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Varadkar: Antigen tests may be sent to schools to test close contacts of pupils

The Taoiseach aims to roll out rapid tests more generally, he says.

Image: Shutterstock/Ink Drop

Updated Oct 28th 2021, 6:14 PM

TÁNAISTE LEO VARADKAR has said antigen tests may be rolled out in schools to test close contact of pupils. 

Varadkar said that rapid tests could be given to children in a school pod where there has been a confirmed case.

Deputy Chief Medical Officer Ronan Glynn said that NPHET is analysing the Covid-19 incidence in children aged 5-12, which is currently the age group with the highest incidence of Covid-19.

Speaking in Mullingar, Varadkar said it is not a surprise to see that level of infection in that age group. 

He said the government anticipates offering the vaccine to primary school children in the next few months.

“One of the things that NPHET is going to give consideration to now is whether we need to look again at the issue of contact tracing because if somebody is a close contact of somebody who has Covid and they’re not in school they will be offered a PCR test if they’re positive and an antigen test if they’re not,” he said.

“And it may be the case that we might have to apply that to schools as well, but that wouldn’t necessarily mean every child in the class being tested, but it might mean kids in a pod for example.

“So if one kid gets infected then it might make sense to test all the kids in the pod as well using rapid test,” he said.

Varadkar said he does not anticipate the closure of schools or extending the mid-term break. 

He said they did not want to go back to a scenario where children were missing out on ten days school due to Covid-19 outbreaks.

His comments come as the Taoiseach said the government is considering rolling out rapid antigen test kits more generally.

From today, close contacts of a confirmed Covid-19 case who are fully vaccinated and asymptomatic are to receive a box of antigen tests from today.

Health Minister Stephen Donnelly announced this morning that the HSE system for sending antigen tests to close contacts has gone live, and that from today people will be sent boxes of five rapid tests in the post.

Speaking in UCD today, Micheál Martin said: “We are now dealing close contacts as of today.

“We should develop a culture of self-testing and that would be regular and that would be something that people would do in the right circumstances, with the right advice.

“There will be a communications campaign around the proper use of antigen tests because the expert review group did ascertain there is a need for proper advice for the utilisation of such tests as a supplement to PCR.”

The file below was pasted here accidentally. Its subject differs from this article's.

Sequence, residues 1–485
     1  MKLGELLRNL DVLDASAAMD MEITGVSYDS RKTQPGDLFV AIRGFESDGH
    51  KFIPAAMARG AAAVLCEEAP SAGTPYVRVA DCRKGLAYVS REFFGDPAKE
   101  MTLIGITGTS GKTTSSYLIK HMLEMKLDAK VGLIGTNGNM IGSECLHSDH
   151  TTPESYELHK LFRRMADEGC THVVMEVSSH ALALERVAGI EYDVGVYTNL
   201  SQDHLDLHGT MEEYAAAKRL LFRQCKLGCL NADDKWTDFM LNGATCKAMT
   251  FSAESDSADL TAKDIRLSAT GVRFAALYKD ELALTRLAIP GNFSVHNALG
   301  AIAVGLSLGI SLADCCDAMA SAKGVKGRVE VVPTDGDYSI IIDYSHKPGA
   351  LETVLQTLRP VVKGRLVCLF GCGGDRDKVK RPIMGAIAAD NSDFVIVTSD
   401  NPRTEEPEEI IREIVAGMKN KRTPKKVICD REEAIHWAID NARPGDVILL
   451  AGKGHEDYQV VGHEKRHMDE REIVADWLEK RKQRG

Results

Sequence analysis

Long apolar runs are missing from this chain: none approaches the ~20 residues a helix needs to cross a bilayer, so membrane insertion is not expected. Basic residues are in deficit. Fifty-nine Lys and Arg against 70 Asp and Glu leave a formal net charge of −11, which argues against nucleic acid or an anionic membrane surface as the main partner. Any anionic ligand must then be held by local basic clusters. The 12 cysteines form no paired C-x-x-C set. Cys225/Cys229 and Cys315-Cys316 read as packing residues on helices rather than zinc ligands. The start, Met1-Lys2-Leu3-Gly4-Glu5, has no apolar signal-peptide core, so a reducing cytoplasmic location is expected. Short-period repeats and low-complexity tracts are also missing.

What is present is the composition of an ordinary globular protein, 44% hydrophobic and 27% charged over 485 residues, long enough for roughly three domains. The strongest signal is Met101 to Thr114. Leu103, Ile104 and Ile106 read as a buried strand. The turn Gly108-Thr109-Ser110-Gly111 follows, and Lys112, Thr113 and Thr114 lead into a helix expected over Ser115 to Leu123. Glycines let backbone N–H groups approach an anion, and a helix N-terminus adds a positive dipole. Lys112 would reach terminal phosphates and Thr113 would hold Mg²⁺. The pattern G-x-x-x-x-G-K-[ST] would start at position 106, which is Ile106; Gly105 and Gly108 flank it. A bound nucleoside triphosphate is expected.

He said that antigen testing will be a “further weapon” in the Government’s armoury to deal with the current wave of Covid.

The free antigen tests are available to anyone aged 13 and over.

Speaking on Newstalk this morning, he said:

“We’re going to start sending them out today. We expect households to start getting them tomorrow.”

All close contacts will get a text message which states that if not fully vaccinated and / or symptomatic they will be referred for a PCR test and if fully vaccinated and asymptomatic they will be sent antigen tests to do at home.

The text message will be followed up by a call from the contact tracers who will go through their vaccination history, symptoms and do the referral as appropriate for either PCR or antigen testing.

The contact tracer will take address details and antigen tests will be delivered by An Post in the regular post.

Close contacts who fall into the category for antigen testing will receive a box of five antigen tests and will be asked to do three tests – the first test on the day they receive their test kit, the second test two days later and the third test two days after that.

If antigen tests are positive we are requesting close contacts book a PCR test – as part of that booking process they will be asked to tick that they had a positive antigen result. If a close contact develops symptoms while they are in the process of doing antigen testing they need to self-isolate and book a PCR test.

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Those whose antigen tests are negative are also asked to report their negative results via the HSE website.

Separately, the Taoiseach was asked about comments made by Dr Ronan Glynn yesterday evening, where he said that parents should consider if their children need to be part of every activity.

“We have received no advice in terms of children not playing outdoor sports or being engaged in outdoor activity,” Martin added.

“I think one of the dangers of the next phase is, because of the nature of our weather, that you’re going to get far more indoor activity, which can be a factor in the spread.

“I think the more outdoor activities that we can continue with, the better.

“I would be concerned also about mental well being of children. That’s very important.

“I met with Pieta House and different organisations, they’ve always articulated to us the concern around anxiety levels.”

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